The following essay appears in the final chapter of Russell Kirk’s textbook Economics: Work and Prosperity (Pensacola, Fla.: A Beka Book Publications, 1989), pp. 365–368.
Some people would like to separate economists from politics, but they are unable to do so. Another name for economics is political economy. As we mentioned in earlier chapters, a sound economy cannot exist without a political state to protect it. Foolish political interference with the economy can result in general poverty, but wise political encouragement of the economy helps a society toward prosperity.
Similarly, some people would like to separate economics from morals, but they are unable to do so. For unless most men and women recognize some sort of moral principles, an economy cannot function except in a small and precarious way. Moral beliefs, sometimes called moral values, make possible production, trading, saving, and the whole economic apparatus.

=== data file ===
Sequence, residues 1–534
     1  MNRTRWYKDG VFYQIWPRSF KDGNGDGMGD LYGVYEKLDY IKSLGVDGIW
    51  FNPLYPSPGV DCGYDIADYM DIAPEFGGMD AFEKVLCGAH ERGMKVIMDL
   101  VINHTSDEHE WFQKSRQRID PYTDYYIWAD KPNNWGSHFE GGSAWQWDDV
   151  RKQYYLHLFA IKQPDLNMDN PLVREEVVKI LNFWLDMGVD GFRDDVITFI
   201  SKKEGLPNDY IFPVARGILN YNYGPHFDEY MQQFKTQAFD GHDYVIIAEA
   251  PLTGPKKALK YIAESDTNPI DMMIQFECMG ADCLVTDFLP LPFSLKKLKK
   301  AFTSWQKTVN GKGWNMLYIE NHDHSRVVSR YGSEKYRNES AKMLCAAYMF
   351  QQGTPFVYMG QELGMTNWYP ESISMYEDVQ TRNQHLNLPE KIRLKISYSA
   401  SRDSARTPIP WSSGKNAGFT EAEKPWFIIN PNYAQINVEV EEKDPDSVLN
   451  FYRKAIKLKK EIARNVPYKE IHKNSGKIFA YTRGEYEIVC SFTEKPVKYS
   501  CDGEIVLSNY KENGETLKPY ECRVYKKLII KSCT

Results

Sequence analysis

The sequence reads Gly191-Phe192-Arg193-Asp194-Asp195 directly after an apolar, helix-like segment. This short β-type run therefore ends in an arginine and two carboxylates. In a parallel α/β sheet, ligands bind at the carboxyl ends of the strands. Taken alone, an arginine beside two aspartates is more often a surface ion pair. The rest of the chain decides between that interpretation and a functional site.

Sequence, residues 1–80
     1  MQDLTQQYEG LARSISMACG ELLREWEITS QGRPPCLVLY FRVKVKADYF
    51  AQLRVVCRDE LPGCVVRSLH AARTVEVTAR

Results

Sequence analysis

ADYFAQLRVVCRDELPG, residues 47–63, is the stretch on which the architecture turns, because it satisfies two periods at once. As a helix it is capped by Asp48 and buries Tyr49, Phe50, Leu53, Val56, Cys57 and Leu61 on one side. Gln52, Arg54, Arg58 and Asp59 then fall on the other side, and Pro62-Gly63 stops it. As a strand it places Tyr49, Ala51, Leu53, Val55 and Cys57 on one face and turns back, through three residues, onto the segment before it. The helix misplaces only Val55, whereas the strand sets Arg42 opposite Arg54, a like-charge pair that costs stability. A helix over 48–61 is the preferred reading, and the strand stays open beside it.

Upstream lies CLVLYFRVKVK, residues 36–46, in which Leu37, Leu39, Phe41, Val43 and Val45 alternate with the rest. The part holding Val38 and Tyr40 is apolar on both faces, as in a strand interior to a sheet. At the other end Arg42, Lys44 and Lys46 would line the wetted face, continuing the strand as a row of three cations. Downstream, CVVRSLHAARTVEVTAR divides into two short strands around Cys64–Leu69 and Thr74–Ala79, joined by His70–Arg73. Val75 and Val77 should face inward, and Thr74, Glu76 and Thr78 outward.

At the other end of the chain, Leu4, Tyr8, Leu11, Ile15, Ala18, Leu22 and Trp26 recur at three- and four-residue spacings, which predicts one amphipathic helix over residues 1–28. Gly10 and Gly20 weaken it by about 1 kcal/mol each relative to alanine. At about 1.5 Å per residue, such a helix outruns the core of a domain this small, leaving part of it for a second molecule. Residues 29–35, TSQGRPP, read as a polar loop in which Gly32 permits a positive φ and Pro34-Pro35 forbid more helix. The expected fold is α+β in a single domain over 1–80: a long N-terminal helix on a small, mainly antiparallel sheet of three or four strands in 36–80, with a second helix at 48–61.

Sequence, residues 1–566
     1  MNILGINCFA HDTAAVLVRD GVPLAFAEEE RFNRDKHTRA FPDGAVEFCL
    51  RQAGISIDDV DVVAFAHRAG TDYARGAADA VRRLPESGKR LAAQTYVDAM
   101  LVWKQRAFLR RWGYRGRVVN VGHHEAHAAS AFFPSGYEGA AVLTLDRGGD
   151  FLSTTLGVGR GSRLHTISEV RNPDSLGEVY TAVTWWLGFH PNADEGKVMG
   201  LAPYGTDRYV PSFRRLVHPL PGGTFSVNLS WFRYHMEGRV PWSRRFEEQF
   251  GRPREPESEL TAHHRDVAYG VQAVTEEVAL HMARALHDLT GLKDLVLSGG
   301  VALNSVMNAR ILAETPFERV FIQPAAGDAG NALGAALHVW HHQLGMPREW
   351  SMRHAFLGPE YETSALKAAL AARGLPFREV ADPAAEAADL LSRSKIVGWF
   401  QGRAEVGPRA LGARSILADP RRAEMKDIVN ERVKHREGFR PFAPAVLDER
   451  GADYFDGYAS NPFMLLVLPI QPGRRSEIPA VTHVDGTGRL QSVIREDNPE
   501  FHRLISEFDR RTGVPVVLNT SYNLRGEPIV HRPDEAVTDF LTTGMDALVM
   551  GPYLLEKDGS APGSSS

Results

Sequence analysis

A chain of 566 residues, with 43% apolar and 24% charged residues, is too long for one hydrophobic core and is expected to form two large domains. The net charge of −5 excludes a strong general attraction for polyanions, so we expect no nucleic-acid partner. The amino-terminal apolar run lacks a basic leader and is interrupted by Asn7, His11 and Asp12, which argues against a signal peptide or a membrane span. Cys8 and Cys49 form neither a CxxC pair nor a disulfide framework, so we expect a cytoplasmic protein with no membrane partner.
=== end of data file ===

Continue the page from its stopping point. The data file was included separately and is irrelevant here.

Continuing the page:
All human creations and institutions have some connection with moral ideas and moral habits, for human beings are moral creatures. Concepts of right and wrong haunt us in everything we do—whether or not we wish to be concerned with moral questions.
So it is that the final section of this final chapter of [Economics] on the first principles of economics suggests that material prosperity depends upon moral convictions and moral dealings.
Adam Smith, the principal founder of economic science, was a professor of moral philosophy. He took it for granted that moral beliefs should affect economic doings.
The success of economic measures, like the success of most other things in human existence, depends upon certain moral habits. If those habits are lacking, the only other way to produce goods is by compulsion—by what is called slave labor. Let us examine briefly some of the moral qualities that make possible a prosperous economy.
Any economy that functions well relies upon a high degree of honesty. Of course, some cheats and charlatans are found in any society, yet on the whole, in a prospering economy most people behave honestly. “Honesty is the best policy,” Benjamin Franklin wrote in the eighteenth century, echoing an old English proverb. He means that honesty pays, in an economic sense.